Ecological economics was launched in the 1980s as a response to, and critique of, neoclassical environmental economics. The authors of this volume were instrumental in founding this still-evolving community of scholars and practicing professionals. Robert Costanza’s work, for example, has long emphasized the biophysical foundations of economic systems and the need to address flows of matter and energy in economic analysis. Herman Daly has highlighted the insufficiency of monetary valuation as a criterion of social choice, calling for a renewed emphasis on the moral foundations of economic thought with an explicit focus on long-term sustainability. And Richard Norgaard has stressed the interdependencies between natural and social systems, as well as the role of culture in constructing both scientific understandings and the prevailing values that surround economic decisions. The book carefully traces the history of these lines of reasoning and their links to the emergence of ecology and economics as disciplinary fields, advocating a return to the cross-cutting intellectualism that characterized pre-20th century thought. Interdisciplinary synthesis, the book asserts, will prove essential to overcoming the intellectual fragmentation that typically surrounds environmental problems.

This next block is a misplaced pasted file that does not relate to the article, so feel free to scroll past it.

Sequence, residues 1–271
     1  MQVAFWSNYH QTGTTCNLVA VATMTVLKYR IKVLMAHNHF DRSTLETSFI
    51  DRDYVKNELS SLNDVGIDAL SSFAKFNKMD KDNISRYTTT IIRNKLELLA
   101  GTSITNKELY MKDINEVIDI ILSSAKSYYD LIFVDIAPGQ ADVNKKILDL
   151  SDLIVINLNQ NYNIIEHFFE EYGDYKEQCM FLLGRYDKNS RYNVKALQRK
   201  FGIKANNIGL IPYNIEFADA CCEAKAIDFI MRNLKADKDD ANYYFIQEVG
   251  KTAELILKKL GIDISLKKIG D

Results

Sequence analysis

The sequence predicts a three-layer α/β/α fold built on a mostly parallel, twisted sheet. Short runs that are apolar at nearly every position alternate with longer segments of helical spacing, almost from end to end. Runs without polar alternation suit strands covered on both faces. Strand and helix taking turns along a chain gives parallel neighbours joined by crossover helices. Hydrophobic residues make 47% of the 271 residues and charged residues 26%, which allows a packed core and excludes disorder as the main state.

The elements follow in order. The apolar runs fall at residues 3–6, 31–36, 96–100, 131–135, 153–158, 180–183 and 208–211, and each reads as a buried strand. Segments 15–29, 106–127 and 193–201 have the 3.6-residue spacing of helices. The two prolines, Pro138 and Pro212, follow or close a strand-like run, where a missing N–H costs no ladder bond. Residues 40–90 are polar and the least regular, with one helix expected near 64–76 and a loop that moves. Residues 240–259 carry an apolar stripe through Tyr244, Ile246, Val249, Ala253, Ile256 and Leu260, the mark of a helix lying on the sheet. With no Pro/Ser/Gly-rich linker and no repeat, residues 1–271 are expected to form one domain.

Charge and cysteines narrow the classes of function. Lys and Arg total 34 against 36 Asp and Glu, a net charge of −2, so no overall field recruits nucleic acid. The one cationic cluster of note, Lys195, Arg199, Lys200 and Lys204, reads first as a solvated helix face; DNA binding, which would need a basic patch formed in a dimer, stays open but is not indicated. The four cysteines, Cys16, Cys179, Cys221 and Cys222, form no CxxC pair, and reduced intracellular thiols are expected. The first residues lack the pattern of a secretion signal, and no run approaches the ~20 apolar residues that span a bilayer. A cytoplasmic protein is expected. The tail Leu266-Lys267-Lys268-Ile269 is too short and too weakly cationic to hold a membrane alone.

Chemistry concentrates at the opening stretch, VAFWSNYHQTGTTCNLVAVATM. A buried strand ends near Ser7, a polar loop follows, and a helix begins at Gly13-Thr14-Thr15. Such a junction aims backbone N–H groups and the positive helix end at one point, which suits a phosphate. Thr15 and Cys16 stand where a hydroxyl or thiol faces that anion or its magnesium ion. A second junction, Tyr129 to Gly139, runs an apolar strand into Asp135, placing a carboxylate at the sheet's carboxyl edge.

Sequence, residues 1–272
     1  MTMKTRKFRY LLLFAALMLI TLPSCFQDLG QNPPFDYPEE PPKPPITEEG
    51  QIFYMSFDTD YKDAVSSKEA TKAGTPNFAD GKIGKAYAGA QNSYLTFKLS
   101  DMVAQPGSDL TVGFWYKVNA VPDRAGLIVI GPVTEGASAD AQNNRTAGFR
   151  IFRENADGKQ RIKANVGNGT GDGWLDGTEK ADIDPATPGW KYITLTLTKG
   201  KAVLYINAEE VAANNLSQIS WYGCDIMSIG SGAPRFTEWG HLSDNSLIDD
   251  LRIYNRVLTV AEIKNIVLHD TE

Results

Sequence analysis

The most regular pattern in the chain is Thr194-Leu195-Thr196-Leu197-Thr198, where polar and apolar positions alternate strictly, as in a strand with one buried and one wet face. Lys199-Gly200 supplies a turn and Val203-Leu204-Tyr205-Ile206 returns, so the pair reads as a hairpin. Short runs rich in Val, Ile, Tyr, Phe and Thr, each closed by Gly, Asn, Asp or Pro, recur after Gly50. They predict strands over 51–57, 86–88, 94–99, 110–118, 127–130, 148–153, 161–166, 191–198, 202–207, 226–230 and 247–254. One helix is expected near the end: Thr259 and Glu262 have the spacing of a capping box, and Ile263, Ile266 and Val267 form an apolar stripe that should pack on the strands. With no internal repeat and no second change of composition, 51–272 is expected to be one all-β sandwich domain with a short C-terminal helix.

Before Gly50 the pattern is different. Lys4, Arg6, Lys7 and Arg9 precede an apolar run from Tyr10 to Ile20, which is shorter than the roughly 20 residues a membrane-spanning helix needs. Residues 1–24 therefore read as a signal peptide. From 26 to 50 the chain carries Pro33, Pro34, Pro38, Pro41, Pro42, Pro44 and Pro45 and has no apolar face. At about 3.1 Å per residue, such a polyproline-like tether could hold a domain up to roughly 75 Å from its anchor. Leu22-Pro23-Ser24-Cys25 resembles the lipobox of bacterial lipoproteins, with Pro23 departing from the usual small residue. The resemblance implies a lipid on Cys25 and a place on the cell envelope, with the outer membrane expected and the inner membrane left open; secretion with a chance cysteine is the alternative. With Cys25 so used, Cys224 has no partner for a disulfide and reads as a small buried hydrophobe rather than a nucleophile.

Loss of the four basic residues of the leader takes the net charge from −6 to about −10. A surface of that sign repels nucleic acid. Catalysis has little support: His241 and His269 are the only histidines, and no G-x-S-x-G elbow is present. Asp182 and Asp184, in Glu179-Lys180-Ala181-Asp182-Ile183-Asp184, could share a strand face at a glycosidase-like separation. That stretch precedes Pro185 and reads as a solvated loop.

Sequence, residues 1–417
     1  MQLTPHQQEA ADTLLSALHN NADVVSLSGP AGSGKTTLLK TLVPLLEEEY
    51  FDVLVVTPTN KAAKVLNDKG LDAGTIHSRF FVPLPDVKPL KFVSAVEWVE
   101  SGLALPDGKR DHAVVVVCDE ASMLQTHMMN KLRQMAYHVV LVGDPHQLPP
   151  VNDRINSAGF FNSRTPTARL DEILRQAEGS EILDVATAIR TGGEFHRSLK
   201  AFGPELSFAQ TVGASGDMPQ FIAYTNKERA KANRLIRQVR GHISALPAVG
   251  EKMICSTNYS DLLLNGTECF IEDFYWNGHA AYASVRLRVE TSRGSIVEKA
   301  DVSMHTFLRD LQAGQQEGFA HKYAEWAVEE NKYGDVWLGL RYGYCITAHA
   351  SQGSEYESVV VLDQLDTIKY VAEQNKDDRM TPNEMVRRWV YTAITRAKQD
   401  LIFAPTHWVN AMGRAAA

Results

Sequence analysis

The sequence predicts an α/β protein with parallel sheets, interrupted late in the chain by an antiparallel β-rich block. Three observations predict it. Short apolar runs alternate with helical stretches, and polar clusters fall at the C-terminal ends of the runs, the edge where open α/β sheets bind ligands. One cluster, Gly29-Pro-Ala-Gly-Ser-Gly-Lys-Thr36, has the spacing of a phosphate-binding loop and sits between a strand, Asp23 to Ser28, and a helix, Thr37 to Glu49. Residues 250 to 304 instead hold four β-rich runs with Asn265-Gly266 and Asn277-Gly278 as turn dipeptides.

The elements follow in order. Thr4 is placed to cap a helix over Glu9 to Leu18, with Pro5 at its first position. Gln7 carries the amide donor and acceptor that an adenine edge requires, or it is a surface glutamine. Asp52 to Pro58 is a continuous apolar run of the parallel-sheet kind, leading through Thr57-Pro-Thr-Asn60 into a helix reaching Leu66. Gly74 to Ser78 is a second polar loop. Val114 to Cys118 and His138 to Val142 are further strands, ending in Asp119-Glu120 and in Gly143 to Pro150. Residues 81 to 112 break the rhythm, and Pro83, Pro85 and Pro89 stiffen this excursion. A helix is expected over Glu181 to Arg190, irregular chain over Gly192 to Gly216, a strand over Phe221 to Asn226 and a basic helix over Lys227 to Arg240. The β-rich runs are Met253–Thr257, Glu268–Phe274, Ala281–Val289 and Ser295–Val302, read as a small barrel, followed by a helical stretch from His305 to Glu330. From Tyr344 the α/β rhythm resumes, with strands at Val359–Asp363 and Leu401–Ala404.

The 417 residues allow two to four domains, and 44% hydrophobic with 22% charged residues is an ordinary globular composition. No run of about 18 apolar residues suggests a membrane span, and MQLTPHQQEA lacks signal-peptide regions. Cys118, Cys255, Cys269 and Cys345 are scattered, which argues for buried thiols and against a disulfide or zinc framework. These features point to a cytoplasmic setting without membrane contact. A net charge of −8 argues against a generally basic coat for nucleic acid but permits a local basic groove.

Although this claim is generally well-founded, the book’s breadth and diversity of views presents certain difficulties in advancing its objectives. Both students and practitioners require parsimonious conceptual models that allow them to approach their work with clarity and confidence. To construct ecological economics as an all-encompassing corpus of criticism effectively limits the field’s scope for practical implementation. In this sense, the authors’ claim that ecological economics “is not a static set of answers” but rather “a dynamic, constantly changing set of questions” constrains their attempt to define a tractable approach to real-world problem-solving. It is one thing to question the specific normative and factual assumptions that drive neoclassical economics as an approach to policy analysis and management. It is a somewhat different task to construct an alternative that is intellectually grounded, practically operational, and tailored for professionalization.